This plan details the National Measurement Institute’s (NMI) legal metrology compliance activities. It demonstrates our best-practice approach to regulation, including following the principles of proportionality, consistency and transparency.
Australia’s legal metrology regulatory system underpins confidence in trade
Australia’s legal metrology system provides a reliable framework to support confidence in accurate measurement. The system ensures:
- measuring instruments are fit for purpose
- measurements are made correctly
- representations about measurements are accurate.
The system is also underpinned by the necessary scientific and technical infrastructure to support correct measurements (traceability).
The National Measurement Institute (NMI) is responsible for the regulation of Australia’s legal metrology system through administration of the National Measurement Act 1960 (the Act).
The Act establishes a national system of units and standards of measurement and provides for their uniform use throughout Australia to ensure traceability of measurement. The Act also regulates transactions involving measurement, including sales of measured quantities and packaged goods, and sets out specific requirements for measuring instruments used for trade.
Regulation of legal metrology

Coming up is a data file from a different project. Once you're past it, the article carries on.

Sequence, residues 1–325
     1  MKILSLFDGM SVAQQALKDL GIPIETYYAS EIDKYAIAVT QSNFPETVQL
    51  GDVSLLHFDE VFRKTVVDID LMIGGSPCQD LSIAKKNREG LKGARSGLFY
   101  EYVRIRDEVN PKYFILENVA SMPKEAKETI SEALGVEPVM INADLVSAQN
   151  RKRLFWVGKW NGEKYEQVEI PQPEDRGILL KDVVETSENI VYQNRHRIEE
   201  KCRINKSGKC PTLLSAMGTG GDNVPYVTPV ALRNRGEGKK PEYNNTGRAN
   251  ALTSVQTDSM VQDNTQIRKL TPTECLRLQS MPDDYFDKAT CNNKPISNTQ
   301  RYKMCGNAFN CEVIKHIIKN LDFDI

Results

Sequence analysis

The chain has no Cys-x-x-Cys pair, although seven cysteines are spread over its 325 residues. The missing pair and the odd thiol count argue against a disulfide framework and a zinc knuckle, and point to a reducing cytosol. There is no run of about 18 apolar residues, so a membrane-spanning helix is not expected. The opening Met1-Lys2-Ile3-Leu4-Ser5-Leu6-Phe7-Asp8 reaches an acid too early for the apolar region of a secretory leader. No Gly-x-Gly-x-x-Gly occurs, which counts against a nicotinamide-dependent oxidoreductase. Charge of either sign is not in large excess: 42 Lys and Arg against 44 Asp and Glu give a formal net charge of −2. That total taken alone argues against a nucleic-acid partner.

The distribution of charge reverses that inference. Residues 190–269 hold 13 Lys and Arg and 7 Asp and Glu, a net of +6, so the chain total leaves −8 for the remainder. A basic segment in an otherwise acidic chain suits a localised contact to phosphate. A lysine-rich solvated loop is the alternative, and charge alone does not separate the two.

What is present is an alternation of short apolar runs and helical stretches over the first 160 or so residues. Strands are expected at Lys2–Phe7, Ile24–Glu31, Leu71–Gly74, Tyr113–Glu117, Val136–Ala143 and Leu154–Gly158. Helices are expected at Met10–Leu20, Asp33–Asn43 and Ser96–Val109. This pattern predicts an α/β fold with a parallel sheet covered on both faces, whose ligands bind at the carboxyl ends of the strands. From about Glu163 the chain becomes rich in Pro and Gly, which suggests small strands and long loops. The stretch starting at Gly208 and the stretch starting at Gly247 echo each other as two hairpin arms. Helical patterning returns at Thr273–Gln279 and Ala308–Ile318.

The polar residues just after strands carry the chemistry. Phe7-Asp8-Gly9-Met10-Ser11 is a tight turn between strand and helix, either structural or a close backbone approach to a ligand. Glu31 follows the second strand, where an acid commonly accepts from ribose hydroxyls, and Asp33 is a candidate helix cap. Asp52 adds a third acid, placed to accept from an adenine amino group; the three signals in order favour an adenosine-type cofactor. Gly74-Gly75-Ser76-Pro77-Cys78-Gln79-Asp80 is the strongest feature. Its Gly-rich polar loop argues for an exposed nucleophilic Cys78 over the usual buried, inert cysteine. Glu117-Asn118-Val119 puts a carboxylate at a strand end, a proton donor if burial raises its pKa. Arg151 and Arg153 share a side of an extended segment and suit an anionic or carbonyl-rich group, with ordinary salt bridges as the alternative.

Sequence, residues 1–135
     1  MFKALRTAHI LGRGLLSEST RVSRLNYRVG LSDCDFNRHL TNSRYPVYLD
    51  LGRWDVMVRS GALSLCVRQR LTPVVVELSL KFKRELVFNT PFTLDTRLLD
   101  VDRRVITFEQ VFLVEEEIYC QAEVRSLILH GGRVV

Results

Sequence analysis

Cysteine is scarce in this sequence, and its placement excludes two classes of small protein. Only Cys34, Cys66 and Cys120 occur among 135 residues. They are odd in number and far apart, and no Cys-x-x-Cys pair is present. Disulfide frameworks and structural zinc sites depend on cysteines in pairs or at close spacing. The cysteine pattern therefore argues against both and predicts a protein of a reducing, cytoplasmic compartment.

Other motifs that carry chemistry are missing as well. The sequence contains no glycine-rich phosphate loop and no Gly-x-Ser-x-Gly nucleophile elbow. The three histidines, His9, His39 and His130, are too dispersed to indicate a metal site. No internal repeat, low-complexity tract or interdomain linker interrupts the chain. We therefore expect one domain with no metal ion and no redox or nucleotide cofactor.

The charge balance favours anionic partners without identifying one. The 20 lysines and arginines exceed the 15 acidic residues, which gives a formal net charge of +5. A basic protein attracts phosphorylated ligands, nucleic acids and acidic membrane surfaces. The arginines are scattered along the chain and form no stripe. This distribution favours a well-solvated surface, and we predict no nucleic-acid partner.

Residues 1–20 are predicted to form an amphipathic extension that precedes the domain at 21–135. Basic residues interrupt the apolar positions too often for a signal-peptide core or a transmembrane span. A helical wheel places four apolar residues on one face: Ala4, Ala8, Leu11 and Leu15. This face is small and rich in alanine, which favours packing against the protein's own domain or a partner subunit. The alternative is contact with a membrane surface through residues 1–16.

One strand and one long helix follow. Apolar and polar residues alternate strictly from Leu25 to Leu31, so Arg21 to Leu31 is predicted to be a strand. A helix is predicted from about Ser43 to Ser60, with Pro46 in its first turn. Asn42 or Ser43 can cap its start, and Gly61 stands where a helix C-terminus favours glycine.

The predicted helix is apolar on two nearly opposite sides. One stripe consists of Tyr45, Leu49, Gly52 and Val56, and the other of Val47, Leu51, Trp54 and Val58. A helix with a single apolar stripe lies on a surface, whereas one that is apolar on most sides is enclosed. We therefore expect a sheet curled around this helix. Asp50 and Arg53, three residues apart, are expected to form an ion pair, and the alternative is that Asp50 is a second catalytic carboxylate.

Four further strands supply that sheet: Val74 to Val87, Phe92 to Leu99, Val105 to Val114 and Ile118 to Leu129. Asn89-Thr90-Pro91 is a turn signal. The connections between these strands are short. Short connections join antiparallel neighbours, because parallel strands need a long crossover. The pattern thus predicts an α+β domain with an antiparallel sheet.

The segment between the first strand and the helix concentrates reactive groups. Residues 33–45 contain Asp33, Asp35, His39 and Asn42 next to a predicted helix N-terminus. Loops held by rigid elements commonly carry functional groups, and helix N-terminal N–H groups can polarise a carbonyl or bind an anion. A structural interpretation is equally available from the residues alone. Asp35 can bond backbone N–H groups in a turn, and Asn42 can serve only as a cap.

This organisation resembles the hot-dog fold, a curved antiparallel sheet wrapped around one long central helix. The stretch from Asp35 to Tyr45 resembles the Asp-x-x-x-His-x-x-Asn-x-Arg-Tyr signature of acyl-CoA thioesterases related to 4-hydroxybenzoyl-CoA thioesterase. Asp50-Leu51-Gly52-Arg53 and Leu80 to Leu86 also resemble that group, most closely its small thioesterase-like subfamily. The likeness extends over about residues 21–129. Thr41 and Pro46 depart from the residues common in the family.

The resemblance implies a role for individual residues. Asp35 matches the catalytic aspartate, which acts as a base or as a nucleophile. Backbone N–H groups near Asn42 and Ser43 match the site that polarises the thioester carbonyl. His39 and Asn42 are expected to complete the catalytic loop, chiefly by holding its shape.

Consistency and certainty in measurement supports fair and open competition. It provides a level playing field for business by ensuring that all market participants, irrespective of their size or financial strength, follow the same rules and have equal opportunity to compete.
More than $970 billion worth of goods and utilities are estimated to be traded each year in Australia on the basis of their measurement. Reliable representations of measurements help consumers and businesses make informed buying decisions. More broadly, they support the efficient operation of the market.
Confidence in accurate measurement also delivers:
- fewer disputes and lower transactions costs in commercial dealings
- a sound evidential basis for legal and regulatory measurements.
Alignment to the regulatory performance framework
Reducing inefficient regulation can lower business costs and facilitate innovation. The regulatory environment also needs to strike the right balance between efficient markets and community expectations.
To support this, NMI’s regulatory approach is aligned to the 3 principles of the Regulator Performance Guide:
- Continuous improvement and building trust: regulators adopt a whole-of-system perspective, continuously improving their performance, capability and culture to build trust and confidence in Australia’s regulatory settings.
- Risk based and data driven: regulators manage risks proportionately and maintain essential safeguards while minimising regulatory burden, and leveraging data and digital technology to support those they regulate to comply and grow.
- Collaboration and engagement: regulators are transparent and responsive communicators, implementing regulations in a modern and collaborative way.
Concentrated national audit programs
We will undertake 3 concentrated programs in 2022–23, focusing on measurement compliance in over-the-counter transactions at:
- fruit and vegetable retailers
- meat, fish and poultry retailers
- delicatessens and smallgoods retailers.